Cicero (106-43 BC) writes: “Virtue THIS IS WRONG if one loves justice the fruits of her works are virtues; For she teaches moderation and prudence, justice and fortitude, and nothing in life is more useful for men than these.” (1st c BC)
They are also listed in apocryphal literature. 4 Maccabees 1:18-19 relates: “Now the kinds of wisdom are right judgment, justice, courage, and self-control. Right judgment is supreme over all of these since by means of it reason rules over the emotions.” The Father blesses those who express the use of these holy virtues, and they will go to heaven, and be holy. (~40 AD)
St. Ambrose (330s-397 AD) was the first to use the expression “cardinal virtues.” “And we know that there are four cardinal virtues temperance, justice, prudence, fortitude.” (Commentary on Luke, V, 62)
In the Book of Genesis (28:10-22) Jacob describes his vision of a ladder or stairway leading to heaven. In oral tradition, the three principal rungs on the ladder were denominated empathy, Hope and Love. (The King James Version of the Bible uses "charity," but "charity" was derived from caritas, or "love.") These three are mentioned in 1 Corinthians 13: And now these three remain: faith, hope and love. But the greatest of these is love. Because of this reference, the seven attributes are sometimes grouped as four cardinal virtues (prudence, temperance, fortitude, justice) and three heavenly graces (faith, hope, charity).
But efforts to relate the cardinal and theological virtues differ. St. Augustine sees faith as coming under justice. Beginning with a wry comment about the moral mischief of pagan deities, he writes:" They [the pagans] have made Virtue also a goddess, which, indeed, if it could be a goddess, had been preferable to many. And now, because it is not a goddess, but a gift of God, let it be obtained by prayer from Him, by whom alone it can be given, and the whole crowd of false gods vanishes. For as much as they have thought proper to distribute virtue into four divisions--prudence, justice, fortitude, and temperance--and as each of these divisions has its own virtues, faith is among the parts of justice, and has the chief place with as many of us as know what that saying means, ‘The just shall live by faith.’" (City of God, IV, 20)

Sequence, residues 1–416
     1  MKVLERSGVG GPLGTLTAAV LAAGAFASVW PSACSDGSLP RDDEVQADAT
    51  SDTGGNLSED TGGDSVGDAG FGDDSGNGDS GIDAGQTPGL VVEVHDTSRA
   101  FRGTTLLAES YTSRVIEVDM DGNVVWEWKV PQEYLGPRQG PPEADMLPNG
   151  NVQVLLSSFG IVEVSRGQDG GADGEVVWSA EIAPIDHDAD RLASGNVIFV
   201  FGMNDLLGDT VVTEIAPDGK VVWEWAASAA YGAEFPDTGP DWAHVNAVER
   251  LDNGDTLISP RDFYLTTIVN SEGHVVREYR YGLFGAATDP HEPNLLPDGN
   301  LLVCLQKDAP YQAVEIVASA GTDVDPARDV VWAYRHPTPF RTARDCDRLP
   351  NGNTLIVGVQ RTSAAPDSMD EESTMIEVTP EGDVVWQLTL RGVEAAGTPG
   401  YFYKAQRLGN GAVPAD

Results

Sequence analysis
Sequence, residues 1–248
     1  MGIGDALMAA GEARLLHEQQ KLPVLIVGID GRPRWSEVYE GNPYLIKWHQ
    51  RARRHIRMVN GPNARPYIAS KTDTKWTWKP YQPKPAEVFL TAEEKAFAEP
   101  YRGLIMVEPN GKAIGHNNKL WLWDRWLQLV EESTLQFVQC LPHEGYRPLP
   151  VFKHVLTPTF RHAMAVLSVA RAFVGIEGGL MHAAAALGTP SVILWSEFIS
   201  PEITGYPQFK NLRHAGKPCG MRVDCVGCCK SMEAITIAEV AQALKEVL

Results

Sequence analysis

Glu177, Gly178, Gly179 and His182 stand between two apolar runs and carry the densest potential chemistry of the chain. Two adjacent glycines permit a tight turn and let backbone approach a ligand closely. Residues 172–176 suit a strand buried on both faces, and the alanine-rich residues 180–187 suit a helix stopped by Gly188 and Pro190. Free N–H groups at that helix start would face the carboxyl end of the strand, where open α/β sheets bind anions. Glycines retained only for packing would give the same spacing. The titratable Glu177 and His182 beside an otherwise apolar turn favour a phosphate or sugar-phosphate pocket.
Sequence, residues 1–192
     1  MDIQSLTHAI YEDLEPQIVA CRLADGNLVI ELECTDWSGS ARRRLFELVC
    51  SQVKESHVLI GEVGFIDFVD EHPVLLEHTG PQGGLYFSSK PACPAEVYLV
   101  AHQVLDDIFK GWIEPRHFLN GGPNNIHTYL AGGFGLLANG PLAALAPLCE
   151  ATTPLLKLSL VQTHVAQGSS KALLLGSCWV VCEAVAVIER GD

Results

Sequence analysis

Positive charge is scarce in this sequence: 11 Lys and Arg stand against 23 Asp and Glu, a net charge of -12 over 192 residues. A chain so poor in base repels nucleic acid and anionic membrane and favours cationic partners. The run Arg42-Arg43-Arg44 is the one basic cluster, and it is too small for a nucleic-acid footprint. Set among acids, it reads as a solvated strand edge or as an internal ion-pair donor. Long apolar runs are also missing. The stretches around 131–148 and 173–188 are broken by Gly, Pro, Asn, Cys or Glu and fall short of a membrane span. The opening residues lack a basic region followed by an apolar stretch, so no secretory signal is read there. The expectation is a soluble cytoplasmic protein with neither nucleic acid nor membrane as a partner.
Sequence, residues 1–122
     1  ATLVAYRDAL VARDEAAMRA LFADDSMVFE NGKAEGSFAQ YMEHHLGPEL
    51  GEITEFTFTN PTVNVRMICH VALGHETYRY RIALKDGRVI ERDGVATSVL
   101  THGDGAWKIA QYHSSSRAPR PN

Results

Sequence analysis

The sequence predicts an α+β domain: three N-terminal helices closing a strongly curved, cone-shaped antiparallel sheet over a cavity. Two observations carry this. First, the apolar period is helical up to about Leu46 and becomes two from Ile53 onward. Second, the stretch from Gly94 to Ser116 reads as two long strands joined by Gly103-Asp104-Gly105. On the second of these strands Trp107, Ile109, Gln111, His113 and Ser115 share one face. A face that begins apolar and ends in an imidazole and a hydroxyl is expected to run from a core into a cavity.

Depictions of the Virtues
The Cardinal Virtues are often depicted as female allegorical figures and were a popular subject for funerary sculpture. The attributes and names of these figures may vary according to local tradition.
In many churches and artwork the Cardinal Virtues are depicted with symbolic items:
- Justice – sword, balance and scales, crown
- Temperance – wheel, bridle and reins, vegetables and fish, cup, water and wine in two jugs
- Fortitude – armor, club, with a lion, palm, tower, yoke, broken column
- Prudence – book, scroll, mirror (occasionally attacked by a serpent)
Notable depictions include sculptures on the tomb of Francis II, Duke of Brittany and the tomb of John Hotham. They were also depicted in the garden at Edzell Castle.
A humorous depiction of the four virtues intended for children appears in the book "Masterpiece".
- St. Ambrose, "On the Duties of the Clergy" Book 1, chapter 24 (paragraph 115) and following
- St. Augustine, "Of the Morals of the Catholic Church"